From Publishers Weekly
This practical guidebook to business concepts is appropriately straightforward in its approach. Kurtzman, a former New York Times reporter and editor of the Harvard Business Review, explains that the volume is "organized to reflect the way normal people do and think about business." Kurtzman identifies "big ideas" as concepts that... reduce the fog of complexity into something simple, solid, tangible, and most of all workable." Not so much a nuts-and-bolts guide to business, this volume focuses on ideas and takes readers through the process of innovation, the fundamentals of sustainability, finance and accounting, and the intricacies of strategy and management. Kurtzman explains that his book can be read either from cover to cover or thumbed through whenever answers to questions about a creative concept are needed. The book addresses such topics as human resources, leadership, marketing, communication and learning from slip-ups (both one's own and those of others). Lending extra credibility to the volume is an impressive roster of contributors, including Michael Milken, 3Com founder Bob Metcalfe, Segway inventor Dean Kamen and Harvard Business School dean Kim Clark, each writing about his or her area of expertise. In keeping with Kurtzman's philosophy of business (it's "one of life's great games, and it is exhilarating"), the book makes for a refreshing and often humorous read. Whether the book's marketing concept (the "box" of the title is actually a slip-case) and high price point will attract readers is left to be seen.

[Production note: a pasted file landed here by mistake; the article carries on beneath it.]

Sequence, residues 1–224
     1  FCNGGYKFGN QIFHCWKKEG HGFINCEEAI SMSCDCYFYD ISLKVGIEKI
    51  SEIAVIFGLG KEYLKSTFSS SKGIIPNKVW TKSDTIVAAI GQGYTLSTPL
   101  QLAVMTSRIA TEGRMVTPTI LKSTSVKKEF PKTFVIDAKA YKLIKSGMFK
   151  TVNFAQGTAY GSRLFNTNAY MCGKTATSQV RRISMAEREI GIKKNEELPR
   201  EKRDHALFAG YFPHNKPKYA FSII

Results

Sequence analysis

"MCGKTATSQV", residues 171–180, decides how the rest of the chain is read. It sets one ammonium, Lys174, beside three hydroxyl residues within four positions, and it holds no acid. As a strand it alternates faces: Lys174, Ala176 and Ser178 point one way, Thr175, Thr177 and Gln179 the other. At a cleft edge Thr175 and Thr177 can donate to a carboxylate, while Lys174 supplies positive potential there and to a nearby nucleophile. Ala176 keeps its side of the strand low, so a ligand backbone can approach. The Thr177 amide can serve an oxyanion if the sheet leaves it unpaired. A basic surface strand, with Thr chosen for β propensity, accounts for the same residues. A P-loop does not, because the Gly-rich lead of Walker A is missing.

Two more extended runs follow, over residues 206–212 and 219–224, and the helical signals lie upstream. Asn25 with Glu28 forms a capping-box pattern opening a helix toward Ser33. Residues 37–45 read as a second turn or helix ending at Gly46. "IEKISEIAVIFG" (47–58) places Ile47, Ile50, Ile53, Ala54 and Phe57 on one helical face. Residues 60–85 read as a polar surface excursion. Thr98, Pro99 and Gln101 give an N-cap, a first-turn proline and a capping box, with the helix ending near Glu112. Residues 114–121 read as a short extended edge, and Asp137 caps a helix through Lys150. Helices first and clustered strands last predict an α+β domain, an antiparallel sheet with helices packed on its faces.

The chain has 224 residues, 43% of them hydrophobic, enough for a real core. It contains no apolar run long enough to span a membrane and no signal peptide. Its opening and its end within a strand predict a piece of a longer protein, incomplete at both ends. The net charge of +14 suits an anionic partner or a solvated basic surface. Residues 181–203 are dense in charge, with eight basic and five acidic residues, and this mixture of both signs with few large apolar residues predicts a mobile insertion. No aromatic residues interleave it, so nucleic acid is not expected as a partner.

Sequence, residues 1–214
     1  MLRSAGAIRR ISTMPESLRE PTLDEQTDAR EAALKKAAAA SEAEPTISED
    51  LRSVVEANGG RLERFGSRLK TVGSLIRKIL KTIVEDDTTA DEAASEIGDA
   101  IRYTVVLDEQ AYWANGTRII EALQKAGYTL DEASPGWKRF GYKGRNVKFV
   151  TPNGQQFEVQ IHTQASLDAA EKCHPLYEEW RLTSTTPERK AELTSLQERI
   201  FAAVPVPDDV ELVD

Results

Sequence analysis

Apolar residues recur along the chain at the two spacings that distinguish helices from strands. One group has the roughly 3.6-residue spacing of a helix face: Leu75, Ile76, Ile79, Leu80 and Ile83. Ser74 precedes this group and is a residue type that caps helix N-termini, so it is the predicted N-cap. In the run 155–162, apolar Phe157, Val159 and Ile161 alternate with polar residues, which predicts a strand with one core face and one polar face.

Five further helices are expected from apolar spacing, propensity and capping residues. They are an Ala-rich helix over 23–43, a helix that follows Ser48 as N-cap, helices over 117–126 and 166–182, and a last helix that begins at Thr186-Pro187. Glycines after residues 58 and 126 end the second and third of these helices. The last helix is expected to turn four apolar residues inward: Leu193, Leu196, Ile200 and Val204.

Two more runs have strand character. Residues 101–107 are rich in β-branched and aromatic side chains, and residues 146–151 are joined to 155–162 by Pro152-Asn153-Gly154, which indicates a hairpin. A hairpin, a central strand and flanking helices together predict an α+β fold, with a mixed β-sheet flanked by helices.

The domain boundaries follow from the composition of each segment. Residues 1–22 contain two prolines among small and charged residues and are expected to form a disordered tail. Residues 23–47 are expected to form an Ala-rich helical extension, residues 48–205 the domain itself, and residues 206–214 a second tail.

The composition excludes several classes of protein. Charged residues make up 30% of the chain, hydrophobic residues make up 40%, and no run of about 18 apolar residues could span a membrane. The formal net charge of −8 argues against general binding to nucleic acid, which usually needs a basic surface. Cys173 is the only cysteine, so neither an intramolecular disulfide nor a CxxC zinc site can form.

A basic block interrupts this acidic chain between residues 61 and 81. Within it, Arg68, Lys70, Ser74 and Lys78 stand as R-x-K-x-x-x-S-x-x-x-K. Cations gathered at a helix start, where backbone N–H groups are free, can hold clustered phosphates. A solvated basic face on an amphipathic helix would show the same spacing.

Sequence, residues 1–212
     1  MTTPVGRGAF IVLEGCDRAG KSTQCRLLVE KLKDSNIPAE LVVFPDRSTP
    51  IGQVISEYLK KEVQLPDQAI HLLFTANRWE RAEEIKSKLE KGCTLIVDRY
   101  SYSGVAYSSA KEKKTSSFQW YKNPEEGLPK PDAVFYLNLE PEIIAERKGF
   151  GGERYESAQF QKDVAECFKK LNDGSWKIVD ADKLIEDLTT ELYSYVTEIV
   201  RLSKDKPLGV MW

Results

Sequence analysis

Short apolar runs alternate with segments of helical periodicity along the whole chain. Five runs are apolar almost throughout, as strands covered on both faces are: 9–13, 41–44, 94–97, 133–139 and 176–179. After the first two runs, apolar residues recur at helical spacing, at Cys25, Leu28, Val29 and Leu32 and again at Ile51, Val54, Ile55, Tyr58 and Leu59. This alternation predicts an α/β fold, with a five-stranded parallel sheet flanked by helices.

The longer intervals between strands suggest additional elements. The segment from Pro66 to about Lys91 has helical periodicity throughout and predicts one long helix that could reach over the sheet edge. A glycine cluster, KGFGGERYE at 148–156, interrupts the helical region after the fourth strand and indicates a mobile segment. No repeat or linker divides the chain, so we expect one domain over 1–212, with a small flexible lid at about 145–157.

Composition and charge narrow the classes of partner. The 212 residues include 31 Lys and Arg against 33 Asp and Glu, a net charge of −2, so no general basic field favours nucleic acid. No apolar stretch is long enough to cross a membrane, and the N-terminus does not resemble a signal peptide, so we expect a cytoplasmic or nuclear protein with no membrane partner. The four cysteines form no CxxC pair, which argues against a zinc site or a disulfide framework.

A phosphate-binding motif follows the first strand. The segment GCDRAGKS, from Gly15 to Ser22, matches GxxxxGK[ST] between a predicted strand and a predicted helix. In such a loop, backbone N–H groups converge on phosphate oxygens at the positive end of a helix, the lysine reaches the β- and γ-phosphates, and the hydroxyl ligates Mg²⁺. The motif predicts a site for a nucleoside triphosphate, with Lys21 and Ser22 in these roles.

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Former New York Times reporter Kurtzman, who has written seven previous books on the markets, big business, currencies, and the economy, is also founding editor of Strategy and Business and editor of Harvard Business Review. Here he has assembled some thoughts from the best minds in business into a practical resource for solving problems and generating new ideas. The more than 35 contributors include Dean Kamen, the inventor of the Segway human transportation device, who talks about how new technology becomes significant only when it turns into the Big Idea, which happens when people start doing something they've never done before and find they can't live without it. The 1980s bond king Michael Milken discusses how corporate finance is more an art than a science; journalist Victoria Griffith has two articles--one discusses how biotechnology companies innovate, the other the implications of electronic communication within organizations; and, finally, Sam Hill brings his unique perspective on branding to the table. All the pieces are both pointed and concise. David Siegfried
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